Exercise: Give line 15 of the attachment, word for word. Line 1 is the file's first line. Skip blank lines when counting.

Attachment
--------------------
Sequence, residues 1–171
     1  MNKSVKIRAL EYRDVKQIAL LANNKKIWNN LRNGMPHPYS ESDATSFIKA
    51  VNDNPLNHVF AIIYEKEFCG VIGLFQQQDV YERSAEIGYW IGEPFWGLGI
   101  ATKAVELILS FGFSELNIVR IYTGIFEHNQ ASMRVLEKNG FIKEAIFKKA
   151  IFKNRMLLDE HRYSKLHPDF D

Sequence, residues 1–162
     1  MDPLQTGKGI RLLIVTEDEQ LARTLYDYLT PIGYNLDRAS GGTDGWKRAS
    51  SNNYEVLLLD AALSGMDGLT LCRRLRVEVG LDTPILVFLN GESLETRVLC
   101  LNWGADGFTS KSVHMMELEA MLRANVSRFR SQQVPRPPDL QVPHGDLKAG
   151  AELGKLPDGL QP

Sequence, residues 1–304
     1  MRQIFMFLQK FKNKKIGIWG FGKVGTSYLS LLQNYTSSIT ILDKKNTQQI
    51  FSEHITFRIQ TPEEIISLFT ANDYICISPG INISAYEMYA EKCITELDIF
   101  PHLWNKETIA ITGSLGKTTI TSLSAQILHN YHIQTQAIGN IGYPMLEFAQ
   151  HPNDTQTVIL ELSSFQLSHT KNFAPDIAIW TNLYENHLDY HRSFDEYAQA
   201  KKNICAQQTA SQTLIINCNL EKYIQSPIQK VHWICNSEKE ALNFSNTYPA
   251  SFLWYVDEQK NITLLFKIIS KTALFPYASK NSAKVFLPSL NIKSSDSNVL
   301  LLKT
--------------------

   151  HPNDTQTVIL ELSSFQLSHT KNFAPDIAIW TNLYENHLDY HRSFDEYAQA